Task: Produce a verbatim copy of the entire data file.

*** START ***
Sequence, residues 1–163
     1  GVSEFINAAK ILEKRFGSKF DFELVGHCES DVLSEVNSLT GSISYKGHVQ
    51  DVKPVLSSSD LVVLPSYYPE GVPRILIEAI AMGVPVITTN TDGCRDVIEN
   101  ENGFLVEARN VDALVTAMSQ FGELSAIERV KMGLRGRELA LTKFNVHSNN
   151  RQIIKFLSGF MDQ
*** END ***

Sequence, residues 1–163
     1  GVSEFINAAK ILEKRFGSKF DFELVGHCES DVLSEVNSLT GSISYKGHVQ
    51  DVKPVLSSSD LVVLPSYYPE GVPRILIEAI AMGVPVITTN TDGCRDVIEN
   101  ENGFLVEARN VDALVTAMSQ FGELSAIERV KMGLRGRELA LTKFNVHSNN
   151  RQIIKFLSGF MDQ